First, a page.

"The desire for convenience and product protection is driving the need for more and more resealable packaging solutions," concurs Robert E. Hogan, director of international sales and marketing for Zip-Pak (www.zippak.com). "Focus-group studies reveal that consumers embrace flexible packaging with zippers and are willing to pay a premium for the added convenience. This trend is demonstrated by the popularity of 'slider' technology."

Robbie Manufacturing's Downing also agrees: "Packaging attributes designed to cater to the on-the-go lifestyle of the busy consumer will continue to grow in importance. In addition to easy-opening features and reclosable zippers, other innovations like handles for easy carrying and leak-resistant technology are important."

FPA's Donahue notes that strong growth is forecasted in meat, cheese, dry foods, shrink multipacks and overwraps for beverages.

Rollprint's Paolino sums it up, stating that "technology-driven flexible packagers constantly have to search for unique applications that require value-added structures and services."

In the quest for consumer success, product safety is an essential attribute. And while many convenience-enhancing features, such as reclosable zippers and easy-to-carry packaging are easily identifiable, other technological innovations are more covert, adding to functionality but hidden from busy consumers faced with an ever-increasing selection of products on store shelves. This leads us to the linchpin of the Big Three: Shelf Impact.

"Consumers are the driving force in today's move to flexible packaging," asserts Downing. With consumers spending only seconds in the grocery store aisle making their purchase decisions, Downing says that marketers and package designers are using "high-end, attention-grabbing designs to help differentiate products on the shelf to help the consumer in their decision making. The overall package communicates the integrity of the product inside."

Donahue agrees, citing that "advances in printing and materials have resulted in the dramatic shelf impact of flexible packaging." Examples can be seen in the FPA's 2006 Flexible Packaging Achievement Award winners (see page 22). Within the printing category, winning packages include a standup pouch produced by CLP Packaging Solutions (www.clp-packaging.com) for a Marks & Spencer sauce. "Its rich, luminous graphics clearly communicate luxury," says Donahue

"Another FPA winner, the M&M Holiday Special package, uses SonoMet technology from Sonoco Products Co. (www.sonoco.com), a combination of ink and cylinder technologies aligning specific cylinder engraving patterns and design manipulations, giving the packaging a metallized appearance," Donahue continues. A newer innovation, using a reverse-printed, flexo prepress platemaking process, has improved graphic reproduction, offering "increased image sharpness, brighter colors, higher densities, smoother vignettes and cleaner text," she notes.

In addition to moving product off the shelf, successful packaging must also communicate safety and convenience. Thanks to several technology advancements, flexible packaging seems well positioned to deliver the right mix of impact and convenience that today's consumers seek.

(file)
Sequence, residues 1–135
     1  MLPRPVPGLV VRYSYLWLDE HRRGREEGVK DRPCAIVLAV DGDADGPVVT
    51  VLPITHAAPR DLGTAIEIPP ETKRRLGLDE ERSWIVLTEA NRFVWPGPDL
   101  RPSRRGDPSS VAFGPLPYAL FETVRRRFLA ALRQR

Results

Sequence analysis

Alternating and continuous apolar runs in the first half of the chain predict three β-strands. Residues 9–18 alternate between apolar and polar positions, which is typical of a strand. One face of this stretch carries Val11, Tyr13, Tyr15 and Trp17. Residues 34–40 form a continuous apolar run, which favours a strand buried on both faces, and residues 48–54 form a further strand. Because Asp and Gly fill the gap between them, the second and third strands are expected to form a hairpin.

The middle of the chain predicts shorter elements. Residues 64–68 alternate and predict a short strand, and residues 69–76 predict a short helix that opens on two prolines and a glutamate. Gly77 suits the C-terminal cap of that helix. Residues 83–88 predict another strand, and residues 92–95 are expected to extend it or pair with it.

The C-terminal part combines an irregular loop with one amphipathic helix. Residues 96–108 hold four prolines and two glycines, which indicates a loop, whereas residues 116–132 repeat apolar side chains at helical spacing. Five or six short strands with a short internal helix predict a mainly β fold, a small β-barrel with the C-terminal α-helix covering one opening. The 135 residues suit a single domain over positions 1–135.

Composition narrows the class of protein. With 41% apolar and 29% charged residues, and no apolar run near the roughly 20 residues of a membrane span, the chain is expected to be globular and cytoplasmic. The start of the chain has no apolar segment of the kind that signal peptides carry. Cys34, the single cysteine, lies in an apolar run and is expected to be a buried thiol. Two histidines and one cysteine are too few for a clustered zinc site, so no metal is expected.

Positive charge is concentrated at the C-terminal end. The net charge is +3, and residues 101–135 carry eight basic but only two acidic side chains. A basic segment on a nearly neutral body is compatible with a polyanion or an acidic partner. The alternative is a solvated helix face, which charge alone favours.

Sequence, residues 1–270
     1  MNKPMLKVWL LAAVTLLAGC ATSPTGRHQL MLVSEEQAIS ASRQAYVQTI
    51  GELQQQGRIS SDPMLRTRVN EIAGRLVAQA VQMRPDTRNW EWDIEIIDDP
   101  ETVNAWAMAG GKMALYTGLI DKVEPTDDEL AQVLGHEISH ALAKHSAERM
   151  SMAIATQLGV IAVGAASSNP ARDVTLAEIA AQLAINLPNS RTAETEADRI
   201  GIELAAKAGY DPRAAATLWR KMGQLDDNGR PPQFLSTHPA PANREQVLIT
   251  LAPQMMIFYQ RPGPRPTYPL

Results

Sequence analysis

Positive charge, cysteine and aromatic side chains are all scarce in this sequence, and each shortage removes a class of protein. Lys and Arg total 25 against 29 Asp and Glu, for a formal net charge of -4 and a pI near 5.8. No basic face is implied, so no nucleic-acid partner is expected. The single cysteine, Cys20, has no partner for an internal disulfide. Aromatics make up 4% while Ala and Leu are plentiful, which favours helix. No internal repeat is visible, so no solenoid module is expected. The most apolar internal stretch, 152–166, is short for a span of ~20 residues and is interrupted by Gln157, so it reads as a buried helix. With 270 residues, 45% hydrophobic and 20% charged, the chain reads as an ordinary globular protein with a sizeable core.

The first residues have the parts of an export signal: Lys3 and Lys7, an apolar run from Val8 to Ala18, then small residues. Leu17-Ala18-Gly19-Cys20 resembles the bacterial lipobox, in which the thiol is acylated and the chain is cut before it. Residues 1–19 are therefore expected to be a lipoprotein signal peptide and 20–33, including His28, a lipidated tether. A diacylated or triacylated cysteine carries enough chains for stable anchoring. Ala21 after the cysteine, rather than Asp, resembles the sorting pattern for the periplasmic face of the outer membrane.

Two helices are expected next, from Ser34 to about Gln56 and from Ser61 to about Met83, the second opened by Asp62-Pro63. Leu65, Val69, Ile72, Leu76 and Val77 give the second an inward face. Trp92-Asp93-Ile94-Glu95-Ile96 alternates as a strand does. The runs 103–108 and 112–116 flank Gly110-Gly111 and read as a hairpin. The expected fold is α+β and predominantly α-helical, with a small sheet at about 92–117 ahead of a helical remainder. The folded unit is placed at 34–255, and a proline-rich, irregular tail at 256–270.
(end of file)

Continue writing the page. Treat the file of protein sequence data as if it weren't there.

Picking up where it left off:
"With 3D CAD systems design, high-speed, computer-based motion controls and high-tech composites and materials, technology is changing the way we produce, fill, distribute and use packaging to improve the quality of life," summarizes Ampac's Thomas.

The results of these advancements are reflected in packages recognized by the 2006 Flexible Packaging Achievement Awards program. Winning designs will also be featured in The Showcase of Packaging Innovations™ at PACK EXPO this fall.

The themes of safety, convenience and shelf impact clearly comprise the Big Three in flexible packaging. These key attributes and benefits will continue to aid in the growth of flexible applications domestically and internationally, both in its traditional role in the consumer food industry and in other market segment applications.

Although challenged in the last year by increased raw material costs and lower profitability in the wake of Hurricanes Katrina and Rita, growth in the flexible packaging industry still came in at a robust 3.8 percent, continuing its trend of outpacing the GDP.

Should we be surprised? Not at all. After all, 50 years of inspired innovation and continued growth demonstrate that this is one industry prepared for a profitable and growing future. For those wanting to join in for the ride, a visit to PACK EXPO International this October is a great place to start.

For more information about PACK EXPO International 2006, visit www.packexpo.com. Or contact PMMI's Show Department at 703/243-8555; fax 703/243-8556; or e-mail [email protected].

More information is available:

Ampac Flexibles, 800/543-7030. www.ampaconline.com.

CLP Packaging Solutions, 973/808-4441. clp-packaging.com.

Flexible Packaging Assn., 410/694-0800. www.flexpack.org.

PACK EXPO Intl., 703/243-8555. www.packexpo.com.

Packaging Machinery Manufacturers Institute., 703/243-8555. www.pmmi.org.

Robbie Manufacturing, 800/255-6328. www.robbiemfg.com.

Rollprint Packaging Products, 630/628-1700. www.rollprint.com.

Smurfit-Stone Container Corp., 877/772-2932. www.smurfit-stone.com.

Sonoco Products Co., 843/383-7000. www.sonoco.com.

Zip-Pak, 800/488-6973. www.zippak.com.